A Star is Found by Janet Hirshenson and Jane Jenkins

A Star is Found by Janet Hirshenson and Jane Jenkins

Reviewed by L.D.Y.

Hardcover, 307 pages, 2006

Rating: 9/10

Reason for Reading: I love some of the movies listed on the cover, such as Harry Potter and the Sorcerer’s/Philosopher’s Stone and Beetlejuice, for example, and I liked the idea of an insider’s peek.

Synopsis: When a movie is truly great, with the power to pull you in and make you laugh, cry, and even love its characters, you simply can’t imagine what the movie had been like with another actor in each role. Janet Hirshenson and Jane Jenkins are two top casting directors and partners in The Casting Company who have made careers out of making sure you leave the movie theatre with such contented sentiments (and with as few ‘What was he doing in that role?’ bloopers as humanly possible). Trading back and forth with writing duties, they give the reader both a general outline as to how things happen in Hollywood, as well as specifics with casting certain movies from their beginning days with Francis Ford Coppola to more recent pursuits casting the next James Bond.

Why you should read this book: If you’re a film buff, or, indeed, a star waiting to be found, you’ll love this behind-the-scenes look at movie casting. It’s the sort of background detail that most movie-goers will never notice – unless something goes horribly wrong – and so it’s enormously fun to see the artistry at finding the right chemistry, and nothing short of surprising to find out that thousands of head shots might be flipped through for even a one-line part. Even more mind-boggling is the thought that gorgeous superstars simply aren’t right for certain roles. And speaking of superstars, these are the women that cast the much-talked-about Da Vinci Code, insisted that Patrick Swayze had what it took to star in Ghost, and decided that Robin Wright Penn had to play Buttercup in The Princess Bride. There’s a spectacular array of big breaks, struggles to get exactly who they want (and sometimes need) for certain parts, downright bizarre requirements for certain roles, along with the occasional disaster, all of which make A Star is Found a real treat for movie lovers.

Why you should avoid this book: Watch out for spoilers about movie plots! You’ll generally have a hint that they’re coming (no starting sections with ‘When George died at the end of the movie…’), so you’ll be able to skip over a few paragraphs if you’d prefer an element of surprise when you get around to watching certain movies. Unless you’ve got a mental Who’s Who over a huge range of actors, genres, and decades, you might find that you’d rather be inconvenienced by reading the book near a computer so that you can Google your way to the sort of ‘aha, her!‘ moments that lend even more excitement to Hirshenson and Jenkins’ stories.

Opening paragraph:

Casting is a part of filmmaking that most people never think about – but once you become aware of it, you might be startled at how central these decisions are to your experience of a film. Just recall Hollywood’s casting legends – Casablanca, for example. The studio’s first choice for the role was George Raft, then a major leading man. Only when Raft wasn’t available did the studio grudgingly accept minor contract player Humphrey Bogart, known mainly for playing gangsters in a slew of second-rate crime films. Matching Bogie with Rick turned the actor into an icon for world-weary, cynical heroes with hearts of gold – and it endowed the film with near-mythic status. Who knows what would have happened if George Raft had been the one to murmur ‘Here’s lookin’ at you, kid’ – but it’s hard to imagine that a new type of film hero would have been the result. Bogart seemed so right that, once he was cast, the part seemed made for him – even though he hadn’t actually been anyone’s first choice.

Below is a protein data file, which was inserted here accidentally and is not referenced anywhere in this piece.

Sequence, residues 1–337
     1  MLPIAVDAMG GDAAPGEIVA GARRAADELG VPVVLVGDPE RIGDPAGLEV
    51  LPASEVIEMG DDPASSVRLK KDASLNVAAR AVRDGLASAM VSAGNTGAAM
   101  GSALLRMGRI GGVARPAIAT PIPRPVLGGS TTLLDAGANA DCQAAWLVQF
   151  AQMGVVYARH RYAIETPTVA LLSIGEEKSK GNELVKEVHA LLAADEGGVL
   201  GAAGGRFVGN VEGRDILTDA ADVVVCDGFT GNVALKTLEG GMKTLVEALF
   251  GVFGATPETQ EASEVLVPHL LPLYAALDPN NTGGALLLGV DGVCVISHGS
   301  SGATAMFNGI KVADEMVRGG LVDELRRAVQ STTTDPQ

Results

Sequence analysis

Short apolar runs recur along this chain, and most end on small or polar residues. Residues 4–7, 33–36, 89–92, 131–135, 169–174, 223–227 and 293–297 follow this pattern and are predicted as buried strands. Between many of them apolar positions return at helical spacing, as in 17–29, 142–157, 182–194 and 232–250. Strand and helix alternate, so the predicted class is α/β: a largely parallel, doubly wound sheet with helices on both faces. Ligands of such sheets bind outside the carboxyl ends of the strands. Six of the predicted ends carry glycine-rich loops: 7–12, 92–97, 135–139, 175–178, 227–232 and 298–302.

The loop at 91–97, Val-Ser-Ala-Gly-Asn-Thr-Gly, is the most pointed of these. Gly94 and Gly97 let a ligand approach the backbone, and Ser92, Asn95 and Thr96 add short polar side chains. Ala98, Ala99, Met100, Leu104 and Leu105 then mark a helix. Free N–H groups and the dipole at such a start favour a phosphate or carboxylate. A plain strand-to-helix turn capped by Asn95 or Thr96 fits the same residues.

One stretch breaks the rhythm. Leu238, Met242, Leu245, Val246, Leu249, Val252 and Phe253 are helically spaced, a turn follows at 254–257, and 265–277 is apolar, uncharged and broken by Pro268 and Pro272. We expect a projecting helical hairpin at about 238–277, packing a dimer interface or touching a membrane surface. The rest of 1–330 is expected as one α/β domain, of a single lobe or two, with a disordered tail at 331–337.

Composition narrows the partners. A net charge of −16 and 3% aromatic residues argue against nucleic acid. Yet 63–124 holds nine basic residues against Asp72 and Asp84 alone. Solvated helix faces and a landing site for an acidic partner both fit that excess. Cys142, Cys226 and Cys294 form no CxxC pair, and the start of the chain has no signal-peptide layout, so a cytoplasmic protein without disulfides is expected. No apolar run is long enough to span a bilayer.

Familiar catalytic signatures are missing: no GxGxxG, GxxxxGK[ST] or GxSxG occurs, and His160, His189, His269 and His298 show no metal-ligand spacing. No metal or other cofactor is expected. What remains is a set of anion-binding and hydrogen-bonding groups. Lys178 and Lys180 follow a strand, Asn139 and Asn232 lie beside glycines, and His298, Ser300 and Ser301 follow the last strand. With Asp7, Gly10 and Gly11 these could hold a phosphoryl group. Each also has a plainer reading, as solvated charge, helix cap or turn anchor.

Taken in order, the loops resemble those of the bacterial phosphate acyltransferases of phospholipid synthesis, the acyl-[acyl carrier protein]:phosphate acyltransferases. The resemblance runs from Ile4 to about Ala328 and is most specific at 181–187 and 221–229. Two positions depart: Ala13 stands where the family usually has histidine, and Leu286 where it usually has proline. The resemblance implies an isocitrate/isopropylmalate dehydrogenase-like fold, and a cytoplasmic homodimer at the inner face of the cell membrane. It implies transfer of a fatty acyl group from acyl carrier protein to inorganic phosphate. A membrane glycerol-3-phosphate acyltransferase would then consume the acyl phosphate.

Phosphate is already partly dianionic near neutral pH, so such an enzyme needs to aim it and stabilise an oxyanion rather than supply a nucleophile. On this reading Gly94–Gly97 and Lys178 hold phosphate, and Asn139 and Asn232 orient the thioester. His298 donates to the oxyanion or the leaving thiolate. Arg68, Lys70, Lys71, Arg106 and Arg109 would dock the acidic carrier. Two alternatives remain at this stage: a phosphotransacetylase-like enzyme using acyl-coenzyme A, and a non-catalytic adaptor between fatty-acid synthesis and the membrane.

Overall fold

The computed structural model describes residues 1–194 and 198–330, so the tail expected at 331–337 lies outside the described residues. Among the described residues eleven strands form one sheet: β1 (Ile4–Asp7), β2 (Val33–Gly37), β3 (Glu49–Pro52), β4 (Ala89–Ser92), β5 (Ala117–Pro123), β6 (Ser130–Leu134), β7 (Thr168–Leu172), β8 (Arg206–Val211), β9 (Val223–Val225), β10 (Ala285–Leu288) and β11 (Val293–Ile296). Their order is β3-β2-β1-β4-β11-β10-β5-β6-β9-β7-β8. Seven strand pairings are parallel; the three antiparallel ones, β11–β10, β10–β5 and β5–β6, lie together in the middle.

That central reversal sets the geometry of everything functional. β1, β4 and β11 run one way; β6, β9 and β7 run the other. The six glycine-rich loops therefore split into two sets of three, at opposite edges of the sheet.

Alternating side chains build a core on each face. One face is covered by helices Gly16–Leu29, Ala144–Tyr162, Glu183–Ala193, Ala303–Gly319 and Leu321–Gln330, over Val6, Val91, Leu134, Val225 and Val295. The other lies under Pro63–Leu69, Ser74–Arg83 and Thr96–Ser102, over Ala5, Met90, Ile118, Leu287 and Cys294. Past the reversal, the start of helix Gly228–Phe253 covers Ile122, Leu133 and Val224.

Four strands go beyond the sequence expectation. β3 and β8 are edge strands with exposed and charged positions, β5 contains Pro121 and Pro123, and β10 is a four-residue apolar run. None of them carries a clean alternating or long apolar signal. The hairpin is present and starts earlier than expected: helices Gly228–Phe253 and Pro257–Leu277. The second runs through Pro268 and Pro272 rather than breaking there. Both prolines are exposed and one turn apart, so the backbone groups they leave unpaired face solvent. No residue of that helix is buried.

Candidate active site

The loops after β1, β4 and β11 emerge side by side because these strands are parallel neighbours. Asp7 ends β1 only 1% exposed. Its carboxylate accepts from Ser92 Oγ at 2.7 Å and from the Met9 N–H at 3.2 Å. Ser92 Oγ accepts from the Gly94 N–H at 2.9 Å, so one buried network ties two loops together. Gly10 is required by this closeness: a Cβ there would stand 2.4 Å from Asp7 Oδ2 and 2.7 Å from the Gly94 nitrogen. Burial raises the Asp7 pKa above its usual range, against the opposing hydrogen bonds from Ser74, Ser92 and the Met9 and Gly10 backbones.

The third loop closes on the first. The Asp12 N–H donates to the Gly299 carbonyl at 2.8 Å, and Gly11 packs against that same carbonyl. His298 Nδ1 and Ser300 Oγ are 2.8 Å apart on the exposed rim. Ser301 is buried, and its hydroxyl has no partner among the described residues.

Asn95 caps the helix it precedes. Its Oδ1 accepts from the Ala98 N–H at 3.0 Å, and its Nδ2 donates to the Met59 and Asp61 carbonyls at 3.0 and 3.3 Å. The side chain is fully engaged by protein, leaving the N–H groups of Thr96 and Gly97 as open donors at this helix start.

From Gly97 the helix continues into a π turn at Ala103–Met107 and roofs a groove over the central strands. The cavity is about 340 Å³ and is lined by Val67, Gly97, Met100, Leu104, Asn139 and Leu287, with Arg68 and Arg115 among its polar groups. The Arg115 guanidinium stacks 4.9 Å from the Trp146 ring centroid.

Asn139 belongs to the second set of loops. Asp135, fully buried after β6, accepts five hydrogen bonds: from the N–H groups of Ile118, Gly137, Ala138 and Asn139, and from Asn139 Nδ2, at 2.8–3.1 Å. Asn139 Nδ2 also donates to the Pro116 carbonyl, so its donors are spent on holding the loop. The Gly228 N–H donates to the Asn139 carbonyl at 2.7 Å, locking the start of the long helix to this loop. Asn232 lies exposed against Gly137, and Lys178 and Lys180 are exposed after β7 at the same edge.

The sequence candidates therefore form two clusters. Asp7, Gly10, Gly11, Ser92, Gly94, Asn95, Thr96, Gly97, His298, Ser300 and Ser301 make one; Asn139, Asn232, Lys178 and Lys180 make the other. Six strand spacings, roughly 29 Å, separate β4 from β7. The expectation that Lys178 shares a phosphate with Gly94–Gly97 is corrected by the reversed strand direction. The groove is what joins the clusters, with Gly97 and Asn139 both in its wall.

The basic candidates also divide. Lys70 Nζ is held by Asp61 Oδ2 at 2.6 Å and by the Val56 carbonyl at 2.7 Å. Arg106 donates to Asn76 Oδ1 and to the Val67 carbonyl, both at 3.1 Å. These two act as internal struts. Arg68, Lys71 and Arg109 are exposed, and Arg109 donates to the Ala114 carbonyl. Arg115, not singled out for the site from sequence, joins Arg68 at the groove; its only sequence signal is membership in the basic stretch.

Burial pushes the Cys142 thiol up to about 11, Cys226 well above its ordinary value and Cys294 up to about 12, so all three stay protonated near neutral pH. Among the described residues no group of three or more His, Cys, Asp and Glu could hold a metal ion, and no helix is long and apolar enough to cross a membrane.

Fabulous quotes:

I learned a valuable lesson from the Maud Adams saga: No casting problem can ever be solved in only one way. True, most of the time you move heaven and earth to cast the character who’s already written. But sometimes – especially if there’s a terrific and gorgeous actor that you’re just dying to use – you simply change the script.

Meanwhile, back on Body Double, I still had to find the perfect combination of homely face and beautiful breasts that would make that first scene work, so I lined up a few dozen actresses to come in to show me their mammary glands. I saw them privately – no need for Brian to watch the first round – and took Polaroids of the ones I thought were especially likely. I ended up taking Polaroids of everyone, in fact, because it was just too awkward to tell an actress that I didn’t like her breasts.

Also recommended: Elizabeth by J Randy Taraborrelli; Cary Grant: A Celebration of Style by Richard Torregrossa; Sex and the City: Kiss and Tell by Amy Sohn.

Also by this author: A Star is Found is Hirshenson and Jenkins’ first book.

Fun tidbit: It was David Geffen that helped persuade Michael Keaton to do Tim Burton’s breakout film, Beetlejuice.

Would I read more by this author? I’d consider it if they wind up doing another book, but they certainly covered a lot of ground with this one.

© Lisa Yanaky 2003-2007

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